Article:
Friday, April 22, 2005

Understanding ecumenical dialogue from an absolutist's persective

The following quote is drawn from an excerpt of a transcript of an interview conducted by the ABC's Tony Jones with a Catholic bishop, Mark Coleridge, on Wednesday:

TONY JONES: Well, he’s saying that there are problems with ritual and superstition in other branches of the Christian church, and he seems to be extending that to Islam and Judaism if you look at it by extension.

MARK COLERIDGE: If you look at – indeed, if you read Dominus Ieusus, what you will see is that it proclaims anew what Christianity has always said from day 1, and it's this: that Jesus Christ is the world's only saviour. There's nothing new in that. It wasn’t just Ratzinger who said it. This is a fundamental belief of Christianity. In other words, Buddha, for instance, and Mohammed are very great religious teachers, religious geniuses, but they are not the saviour of the world. So that what Ratzinger is determined to speak against - and I think this will be true of his pontificate - is what he calls relativism. In other words, your opinion and my opinion are equally valid or invalid. There is no such thing as truth. There is no such thing as absolute truth...

TONY JONES: But isn't that a huge problem, though, when you're trying to deal with other religions that believe they - as the Catholics do - have the absolute truth, and you can't argue with them that their version of God is different than yours and therefore not as good?

MARK COLERIDGE: No. Tony, anyone who's been involved seriously in interreligious dialogue would say that the only real basis for true dialogue - not just having a garden party, but true dialogue - is that I speak from the position of my belief and you speak from yours. We don't sort of assimilate one to the other. That's no basis for true dialogue. Dialogue presumes difference. So what Ratzinger spells out in a thing like Dominus Ieusus is the basis from which Christianity enters dialogue. It doesn’t foreclose dialogue; it makes it possible.

"Dialogue presumes difference...It doesn’t foreclose dialogue; it makes it possible."

I can't see how productive dialogue is possible if one holds that: a) there are absolute truths, b) one's own interpretation of those truths is absolutely correct, and c) one's dialogue partners' interpretation of those truths is fundamentally misguided and incorrect.

It seems obvious to me that if one is to have productive dialogue, both parties must agree to disagree on the points of fundamental difference thereby making those points of difference irrelevant to the outcome of the dialogue. In which case, interfaith dialogue can proceed irrespective of whether one holds a relativist position or not.

Indeed, I would think that relativists can more easily participate in such a dialogue, if only because relativists are not forced to defend irrational and logically indefensible positions and would naturally seek to base the dialogue on points of shared belief.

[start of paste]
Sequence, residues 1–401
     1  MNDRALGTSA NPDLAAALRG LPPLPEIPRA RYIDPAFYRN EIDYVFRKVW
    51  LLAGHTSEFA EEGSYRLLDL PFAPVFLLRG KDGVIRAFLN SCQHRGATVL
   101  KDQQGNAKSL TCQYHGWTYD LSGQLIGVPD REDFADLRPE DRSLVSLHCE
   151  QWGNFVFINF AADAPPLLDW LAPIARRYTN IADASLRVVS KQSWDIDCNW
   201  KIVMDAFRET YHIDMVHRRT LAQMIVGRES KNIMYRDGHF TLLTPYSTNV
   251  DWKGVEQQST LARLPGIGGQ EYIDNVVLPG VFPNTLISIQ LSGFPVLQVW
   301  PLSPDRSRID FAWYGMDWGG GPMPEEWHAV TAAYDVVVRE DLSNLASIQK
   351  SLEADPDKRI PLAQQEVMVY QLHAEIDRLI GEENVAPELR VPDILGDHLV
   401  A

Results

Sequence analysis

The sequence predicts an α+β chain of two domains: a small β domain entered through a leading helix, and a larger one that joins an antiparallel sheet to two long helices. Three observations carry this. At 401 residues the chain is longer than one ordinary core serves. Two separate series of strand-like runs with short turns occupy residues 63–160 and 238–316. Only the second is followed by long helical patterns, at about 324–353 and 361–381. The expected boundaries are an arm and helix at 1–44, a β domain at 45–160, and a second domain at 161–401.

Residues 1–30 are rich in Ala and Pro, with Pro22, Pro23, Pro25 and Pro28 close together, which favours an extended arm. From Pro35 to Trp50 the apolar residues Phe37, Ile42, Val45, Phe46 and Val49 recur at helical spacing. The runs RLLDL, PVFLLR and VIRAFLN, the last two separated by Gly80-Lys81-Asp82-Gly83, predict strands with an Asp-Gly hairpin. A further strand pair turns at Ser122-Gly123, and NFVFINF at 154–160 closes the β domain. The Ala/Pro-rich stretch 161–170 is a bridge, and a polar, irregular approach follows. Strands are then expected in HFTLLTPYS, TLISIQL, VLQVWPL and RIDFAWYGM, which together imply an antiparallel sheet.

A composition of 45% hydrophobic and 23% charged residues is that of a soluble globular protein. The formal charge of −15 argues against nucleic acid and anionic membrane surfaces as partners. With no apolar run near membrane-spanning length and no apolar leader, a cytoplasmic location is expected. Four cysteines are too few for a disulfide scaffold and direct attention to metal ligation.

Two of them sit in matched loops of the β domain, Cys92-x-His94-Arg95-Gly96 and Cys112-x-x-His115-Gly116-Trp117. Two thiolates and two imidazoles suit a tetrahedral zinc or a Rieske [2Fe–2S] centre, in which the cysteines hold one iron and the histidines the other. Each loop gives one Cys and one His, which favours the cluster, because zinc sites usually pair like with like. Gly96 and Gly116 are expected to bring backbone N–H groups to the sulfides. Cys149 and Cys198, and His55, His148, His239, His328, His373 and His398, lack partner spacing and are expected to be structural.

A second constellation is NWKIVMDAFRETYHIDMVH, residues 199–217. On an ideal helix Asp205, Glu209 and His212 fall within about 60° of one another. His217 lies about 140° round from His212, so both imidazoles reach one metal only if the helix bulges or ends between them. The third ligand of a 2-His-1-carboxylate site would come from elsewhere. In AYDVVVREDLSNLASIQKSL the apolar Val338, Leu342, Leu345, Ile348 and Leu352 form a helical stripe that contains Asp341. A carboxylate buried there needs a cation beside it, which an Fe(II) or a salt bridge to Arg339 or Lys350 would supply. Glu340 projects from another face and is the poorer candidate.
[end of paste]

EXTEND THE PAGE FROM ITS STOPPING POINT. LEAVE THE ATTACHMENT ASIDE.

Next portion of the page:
Saturday, April 16, 2005

McGovern on the rare appearance of intestinal fortitude within the US intelligence community

Ray McGovern documents an instance of a seemingly rare trait in US intelligence officials - intestinal fortitude:

Ford emphasized that politicization is the main danger to intelligence analysis. He described politicization as a 'team sport' since at least two are needed—the one exerting political pressure and the 'weasel.' He described in some detail Bolton's attempt to bully an INR analyst into changing his conclusions to fit Bolton's extreme views on Cuba's biological warfare capability. The analyst, who is several grade levels lower than Undersecretary Bolton but no weasel, stood firm and was treated to a torrent of verbal abuse. Later, when Bolton made it clear to Ford that the analyst should be removed, Ford said, in effect, over his dead body.

In the end, the analyst's firmness prevented Bolton from representing his extreme opinions on Cuba as the views of the U.S. intelligence community. (Pity that this INR analyst apparently had no soul mate in courage among intelligence analysts of Iraq elsewhere in the community.) To his credit, Ford gave his analyst strong support. Nonetheless, this crass attempt at politicization threw such a fright into INR analysts that Ford decided to use the incident as an important teaching moment for staff and instituted defense-against-politicization training.

The former INR chief made it clear that he considered Bolton's behavior beyond the pale and told his analysts that, were they to encounter such pressure they had just two requirements: (1) do not bend to it; and (2) report it to the director of INR immediately. Ford reported Bolton's behavior to then-Secretary Powell, and later Powell went over to INR to address the staff and give a highly visible attaboy to the analyst who had stood his ground.

Thursday, April 14, 2005

Another look at the IMAX censorship issue

Another look at the IMAX censorship issue.

The Long Emergency

A thoroughly chilling piece about the consequences of the looming oil crisis.

Update: Alan provided a link to a website that covers this subject in more detail:

Wikipedia also has a good page on the subject.

Goodbye Enlightenment, Welcome Back The Dark Ages